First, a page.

We went to see a world premier play at the Milwaukee Rep last night: American Song by Joanna Murray-Smith. It was beautifully written and moving, and performed by only one actor, the talented James Devita, whose career I have been following since we were both students in Milwaukee. It was a powerful theatrical experience about which I have only one quibble. But this is not a theatrical review blog, and what matters is that you should go, if you can. You will weep.
But what actually came away with me on the deepest level, former English major that I am, was the long and loving reference to Walt Whitman.
This sounds a little silly, but I had forgotten about Walt Whitman.
I grew up reading Walt Whitman, often, and with gradually increasing understanding. At first I just loved the rhythms of the poetry. I was carried along by his passion. Then I fell in love with what it was.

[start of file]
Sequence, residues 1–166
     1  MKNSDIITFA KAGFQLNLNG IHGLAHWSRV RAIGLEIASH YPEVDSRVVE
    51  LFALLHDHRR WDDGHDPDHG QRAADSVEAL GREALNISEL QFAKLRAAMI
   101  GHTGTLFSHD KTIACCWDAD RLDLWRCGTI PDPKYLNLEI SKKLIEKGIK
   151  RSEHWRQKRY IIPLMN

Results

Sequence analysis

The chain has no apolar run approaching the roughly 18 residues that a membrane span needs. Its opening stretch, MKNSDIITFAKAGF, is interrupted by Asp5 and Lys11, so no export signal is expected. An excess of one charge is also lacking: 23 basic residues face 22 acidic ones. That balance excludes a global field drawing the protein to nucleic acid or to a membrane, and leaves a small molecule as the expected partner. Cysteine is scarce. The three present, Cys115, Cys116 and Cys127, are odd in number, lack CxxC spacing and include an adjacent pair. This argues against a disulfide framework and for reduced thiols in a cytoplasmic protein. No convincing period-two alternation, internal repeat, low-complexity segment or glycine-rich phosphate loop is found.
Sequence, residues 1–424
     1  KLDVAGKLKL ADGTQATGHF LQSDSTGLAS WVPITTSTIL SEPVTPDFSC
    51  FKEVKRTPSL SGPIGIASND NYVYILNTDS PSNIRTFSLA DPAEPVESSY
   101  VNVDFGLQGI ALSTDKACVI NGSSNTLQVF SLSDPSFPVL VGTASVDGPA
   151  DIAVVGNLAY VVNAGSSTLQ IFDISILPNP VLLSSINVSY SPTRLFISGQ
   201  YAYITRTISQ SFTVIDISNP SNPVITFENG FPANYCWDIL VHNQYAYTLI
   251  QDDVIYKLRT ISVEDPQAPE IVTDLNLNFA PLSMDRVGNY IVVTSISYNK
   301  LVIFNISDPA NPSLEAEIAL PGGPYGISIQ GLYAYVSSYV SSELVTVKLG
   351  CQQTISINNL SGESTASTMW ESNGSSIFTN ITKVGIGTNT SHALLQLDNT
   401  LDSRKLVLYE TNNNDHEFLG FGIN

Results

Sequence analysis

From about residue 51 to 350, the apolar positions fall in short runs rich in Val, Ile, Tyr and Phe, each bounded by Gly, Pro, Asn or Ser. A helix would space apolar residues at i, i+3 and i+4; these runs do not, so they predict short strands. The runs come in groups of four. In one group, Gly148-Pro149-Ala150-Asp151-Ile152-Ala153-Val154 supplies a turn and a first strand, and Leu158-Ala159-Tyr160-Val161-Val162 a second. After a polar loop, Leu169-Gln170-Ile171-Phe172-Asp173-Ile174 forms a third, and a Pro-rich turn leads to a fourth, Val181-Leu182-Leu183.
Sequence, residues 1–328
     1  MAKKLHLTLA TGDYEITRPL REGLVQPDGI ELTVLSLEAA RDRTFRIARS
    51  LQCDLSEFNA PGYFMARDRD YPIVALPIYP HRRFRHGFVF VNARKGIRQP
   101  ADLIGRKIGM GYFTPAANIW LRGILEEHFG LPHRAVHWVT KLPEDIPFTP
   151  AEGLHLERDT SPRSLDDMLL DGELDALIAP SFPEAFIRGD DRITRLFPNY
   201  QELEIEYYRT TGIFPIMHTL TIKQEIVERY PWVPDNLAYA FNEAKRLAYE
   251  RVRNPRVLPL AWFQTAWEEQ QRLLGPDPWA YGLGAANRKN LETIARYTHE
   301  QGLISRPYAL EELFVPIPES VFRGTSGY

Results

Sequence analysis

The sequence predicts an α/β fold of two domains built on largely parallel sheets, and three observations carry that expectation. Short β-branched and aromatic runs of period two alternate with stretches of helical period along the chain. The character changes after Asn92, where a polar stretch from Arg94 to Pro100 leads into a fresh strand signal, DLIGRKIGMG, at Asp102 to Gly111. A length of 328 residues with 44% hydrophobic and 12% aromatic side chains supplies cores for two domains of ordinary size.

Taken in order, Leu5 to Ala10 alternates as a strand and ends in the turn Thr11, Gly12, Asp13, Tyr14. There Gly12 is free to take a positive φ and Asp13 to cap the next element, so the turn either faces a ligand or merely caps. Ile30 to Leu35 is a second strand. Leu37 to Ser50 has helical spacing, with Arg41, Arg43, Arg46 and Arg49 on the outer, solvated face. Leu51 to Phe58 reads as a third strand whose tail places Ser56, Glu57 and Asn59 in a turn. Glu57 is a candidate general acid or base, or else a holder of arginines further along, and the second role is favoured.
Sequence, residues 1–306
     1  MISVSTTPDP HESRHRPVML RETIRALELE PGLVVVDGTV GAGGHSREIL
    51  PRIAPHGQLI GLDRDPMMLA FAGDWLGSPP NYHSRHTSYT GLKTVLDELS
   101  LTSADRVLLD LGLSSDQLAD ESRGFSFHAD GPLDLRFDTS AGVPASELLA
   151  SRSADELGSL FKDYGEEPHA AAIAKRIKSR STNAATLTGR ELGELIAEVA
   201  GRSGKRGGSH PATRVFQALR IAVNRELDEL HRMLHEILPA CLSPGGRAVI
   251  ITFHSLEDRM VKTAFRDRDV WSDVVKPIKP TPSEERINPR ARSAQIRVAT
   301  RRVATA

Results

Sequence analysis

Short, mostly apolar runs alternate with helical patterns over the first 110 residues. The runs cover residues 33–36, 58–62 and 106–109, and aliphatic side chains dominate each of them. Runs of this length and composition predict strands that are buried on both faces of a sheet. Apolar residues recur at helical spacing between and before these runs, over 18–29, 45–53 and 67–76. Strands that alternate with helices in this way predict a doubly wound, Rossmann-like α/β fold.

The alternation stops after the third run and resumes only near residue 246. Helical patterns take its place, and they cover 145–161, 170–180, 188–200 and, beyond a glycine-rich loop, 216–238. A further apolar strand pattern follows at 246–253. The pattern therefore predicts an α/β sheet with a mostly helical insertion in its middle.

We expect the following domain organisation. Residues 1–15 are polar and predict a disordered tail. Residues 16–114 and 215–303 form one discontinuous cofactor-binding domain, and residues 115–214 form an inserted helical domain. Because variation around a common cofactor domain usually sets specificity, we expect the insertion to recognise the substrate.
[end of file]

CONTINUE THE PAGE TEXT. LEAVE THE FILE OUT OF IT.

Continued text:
I am annoyed by people who ask: “What is the poet trying to say?” My slightly irritable answer is: He’s not trying to say anything. He’s saying it. The poem is what he says.
And this is why imbuing a message in art which is not intrinsically involved in the art itself can be dangerous. But Whitman was not delivering a message. He was writing poetry. The poetry IS the message. At least it is, if it’s done well.
I taught Whitman’s poetry as a high school American Lit teacher. And even now, I am a great–possibly overly-enthused–re-reader of many things. But Walt Whitman has not entered my thoughts for too many years now, and last night I re-encountered him with a fresh heart.
The play quotes a line from Leaves of Grass, in which the songs of people in different lives sing out in their own voices to make the joyous melody of freedom, of individual value and dignity: Each singing what belongs to him or her and to none else…singing with open mouths their strong melodious songs. I loved that Murray-Smith celebrated that celebration of America.
Pali, the poetry-writing ferry captain in my books, is a man who sings songs, whose work vibrates with a unique and beautiful voice. The question is: whose voice is it?
I love this question more than any of the others. The mysteries of life delight me.